Constitution Friend or Foe

Essay by geonishHigh School, 10th gradeA+, June 2006

download word file, 8 pages 3.0

The American Revolution: when you say it, a taste of historic importance touches your lips. Probably one of the most remembered event in the past, the Revolution was a war between the 13 colonies in America and, as Thomas Paine states in his article "Common Sense", their 'mother or parent country' Britain (Paine, Thomas).

With Britain finally defeated, the colonies became an independent nation. However, some more problems would arise soon. One problem was that they needed laws. Unfortunately, there was controversy on what these laws would be. Finally, a document, which would solve their law problems, was born. We know this document as the Constitution. Now, nothing is perfect, so many individuals voiced their opinions about laws and government. To get the full view of the dilemma back then, you must analyze documents written by different people with different views of a stable government.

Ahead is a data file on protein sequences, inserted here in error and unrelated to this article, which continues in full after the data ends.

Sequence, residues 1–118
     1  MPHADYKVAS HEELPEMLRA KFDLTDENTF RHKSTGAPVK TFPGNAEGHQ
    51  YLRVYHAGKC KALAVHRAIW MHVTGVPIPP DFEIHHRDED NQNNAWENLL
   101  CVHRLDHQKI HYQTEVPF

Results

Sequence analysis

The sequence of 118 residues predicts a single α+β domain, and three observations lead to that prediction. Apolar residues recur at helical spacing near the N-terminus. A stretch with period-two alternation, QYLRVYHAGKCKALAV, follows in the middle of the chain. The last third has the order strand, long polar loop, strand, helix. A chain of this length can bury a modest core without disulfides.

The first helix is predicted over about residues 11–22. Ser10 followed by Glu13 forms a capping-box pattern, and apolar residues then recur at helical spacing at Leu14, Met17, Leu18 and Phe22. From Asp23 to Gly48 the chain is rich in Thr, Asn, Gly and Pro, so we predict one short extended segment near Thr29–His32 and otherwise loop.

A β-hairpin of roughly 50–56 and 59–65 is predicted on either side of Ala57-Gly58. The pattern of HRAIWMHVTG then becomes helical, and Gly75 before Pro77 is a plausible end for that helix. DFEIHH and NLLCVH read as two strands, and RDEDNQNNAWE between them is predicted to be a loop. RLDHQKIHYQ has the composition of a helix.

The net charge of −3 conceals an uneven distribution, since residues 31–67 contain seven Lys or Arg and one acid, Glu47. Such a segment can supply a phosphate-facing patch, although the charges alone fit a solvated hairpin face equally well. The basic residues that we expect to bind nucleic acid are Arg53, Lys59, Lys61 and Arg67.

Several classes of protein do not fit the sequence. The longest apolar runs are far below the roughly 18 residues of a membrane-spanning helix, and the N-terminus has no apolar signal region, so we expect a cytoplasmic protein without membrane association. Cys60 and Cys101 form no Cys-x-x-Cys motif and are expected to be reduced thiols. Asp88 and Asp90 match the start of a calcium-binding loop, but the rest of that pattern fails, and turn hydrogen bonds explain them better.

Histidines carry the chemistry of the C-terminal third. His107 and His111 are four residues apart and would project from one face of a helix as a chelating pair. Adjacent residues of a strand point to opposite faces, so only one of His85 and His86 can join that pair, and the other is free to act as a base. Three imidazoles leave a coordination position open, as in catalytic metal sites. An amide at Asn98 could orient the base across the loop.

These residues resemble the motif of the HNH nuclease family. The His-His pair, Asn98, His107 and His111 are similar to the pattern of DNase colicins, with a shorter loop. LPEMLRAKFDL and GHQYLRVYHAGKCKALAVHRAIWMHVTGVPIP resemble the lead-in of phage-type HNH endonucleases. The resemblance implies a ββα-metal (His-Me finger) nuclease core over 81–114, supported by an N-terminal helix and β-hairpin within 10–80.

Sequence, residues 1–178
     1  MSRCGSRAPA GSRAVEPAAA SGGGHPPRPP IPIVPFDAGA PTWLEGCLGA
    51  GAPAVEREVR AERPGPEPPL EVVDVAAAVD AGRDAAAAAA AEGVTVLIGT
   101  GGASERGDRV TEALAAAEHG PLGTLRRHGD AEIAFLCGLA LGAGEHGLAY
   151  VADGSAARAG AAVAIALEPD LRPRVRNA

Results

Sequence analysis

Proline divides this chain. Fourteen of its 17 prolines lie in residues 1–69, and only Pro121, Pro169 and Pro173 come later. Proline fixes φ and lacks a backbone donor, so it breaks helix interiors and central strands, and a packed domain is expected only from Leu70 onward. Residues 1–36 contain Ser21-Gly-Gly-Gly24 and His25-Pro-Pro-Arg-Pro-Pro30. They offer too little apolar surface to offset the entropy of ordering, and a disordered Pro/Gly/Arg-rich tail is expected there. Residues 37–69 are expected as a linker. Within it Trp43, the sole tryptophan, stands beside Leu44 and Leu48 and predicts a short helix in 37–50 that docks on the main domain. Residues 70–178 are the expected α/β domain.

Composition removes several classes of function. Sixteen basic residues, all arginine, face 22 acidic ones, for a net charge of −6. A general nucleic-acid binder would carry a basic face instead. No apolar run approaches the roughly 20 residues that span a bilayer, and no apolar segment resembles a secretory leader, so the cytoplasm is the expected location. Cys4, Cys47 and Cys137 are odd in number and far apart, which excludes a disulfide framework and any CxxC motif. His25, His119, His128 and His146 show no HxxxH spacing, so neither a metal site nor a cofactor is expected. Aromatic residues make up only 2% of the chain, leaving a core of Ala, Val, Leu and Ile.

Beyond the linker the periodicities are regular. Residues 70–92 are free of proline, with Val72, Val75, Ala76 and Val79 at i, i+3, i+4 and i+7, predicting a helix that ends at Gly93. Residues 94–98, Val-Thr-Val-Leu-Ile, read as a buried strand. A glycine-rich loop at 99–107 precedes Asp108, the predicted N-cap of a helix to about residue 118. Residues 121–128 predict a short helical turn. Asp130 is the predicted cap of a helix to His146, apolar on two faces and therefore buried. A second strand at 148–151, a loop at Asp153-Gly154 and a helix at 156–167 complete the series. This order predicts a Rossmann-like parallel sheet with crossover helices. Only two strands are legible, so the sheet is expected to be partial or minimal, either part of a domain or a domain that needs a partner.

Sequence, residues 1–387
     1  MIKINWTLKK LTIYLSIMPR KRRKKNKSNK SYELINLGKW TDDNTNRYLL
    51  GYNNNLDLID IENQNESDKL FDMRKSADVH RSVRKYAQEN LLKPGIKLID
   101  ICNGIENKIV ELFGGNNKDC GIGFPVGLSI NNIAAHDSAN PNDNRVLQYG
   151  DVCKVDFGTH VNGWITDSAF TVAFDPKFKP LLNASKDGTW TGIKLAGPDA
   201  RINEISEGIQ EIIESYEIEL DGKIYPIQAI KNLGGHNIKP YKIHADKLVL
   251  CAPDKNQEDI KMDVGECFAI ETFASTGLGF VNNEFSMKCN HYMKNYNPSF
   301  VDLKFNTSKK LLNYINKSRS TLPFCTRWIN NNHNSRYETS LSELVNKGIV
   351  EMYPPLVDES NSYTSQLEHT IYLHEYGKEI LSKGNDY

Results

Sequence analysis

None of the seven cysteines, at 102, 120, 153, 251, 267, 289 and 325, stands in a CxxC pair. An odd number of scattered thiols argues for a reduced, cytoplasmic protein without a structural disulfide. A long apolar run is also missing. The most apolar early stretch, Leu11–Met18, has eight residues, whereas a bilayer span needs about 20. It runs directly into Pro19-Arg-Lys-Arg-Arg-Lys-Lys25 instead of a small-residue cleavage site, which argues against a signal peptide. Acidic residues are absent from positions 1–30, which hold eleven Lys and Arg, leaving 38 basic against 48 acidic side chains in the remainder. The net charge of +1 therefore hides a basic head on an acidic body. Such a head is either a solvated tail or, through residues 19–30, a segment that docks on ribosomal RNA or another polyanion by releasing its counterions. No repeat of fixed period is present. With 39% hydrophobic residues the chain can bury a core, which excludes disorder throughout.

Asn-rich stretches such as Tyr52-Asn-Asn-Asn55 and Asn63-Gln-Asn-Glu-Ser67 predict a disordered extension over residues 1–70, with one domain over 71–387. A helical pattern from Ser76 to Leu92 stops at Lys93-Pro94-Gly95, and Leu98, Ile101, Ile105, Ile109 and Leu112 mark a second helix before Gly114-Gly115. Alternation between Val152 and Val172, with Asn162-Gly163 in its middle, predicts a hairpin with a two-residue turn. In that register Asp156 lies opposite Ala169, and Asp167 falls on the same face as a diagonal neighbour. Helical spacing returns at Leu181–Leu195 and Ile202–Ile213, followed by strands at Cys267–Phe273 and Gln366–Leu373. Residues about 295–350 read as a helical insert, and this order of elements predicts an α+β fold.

A very powerful piece was called "Common Sense."

This was written by Thomas Paine and was first seen in a newspaper. Thomas Paine starts his piece with attention-grabbing and powerful words: "On the following pages I offer nothing more than simple facts, plain arguments, and common sense" (Paine, Thomas). Reading that opening, I believe that he really believes his opinion. I do not think that someone would use the words "common sense" along with anything that is not highly thought of.

Throughout the rest of the document, he mentions that the Revolution is a "struggle between England and America" (Paine, Thomas)". He also states, "The sun never shined on a cause of greater worth" (Paine, Thomas). This means that the struggle between the two countries is probably the most important event in their lives so far, and it will be remembered.

Reading the piece, you can figure...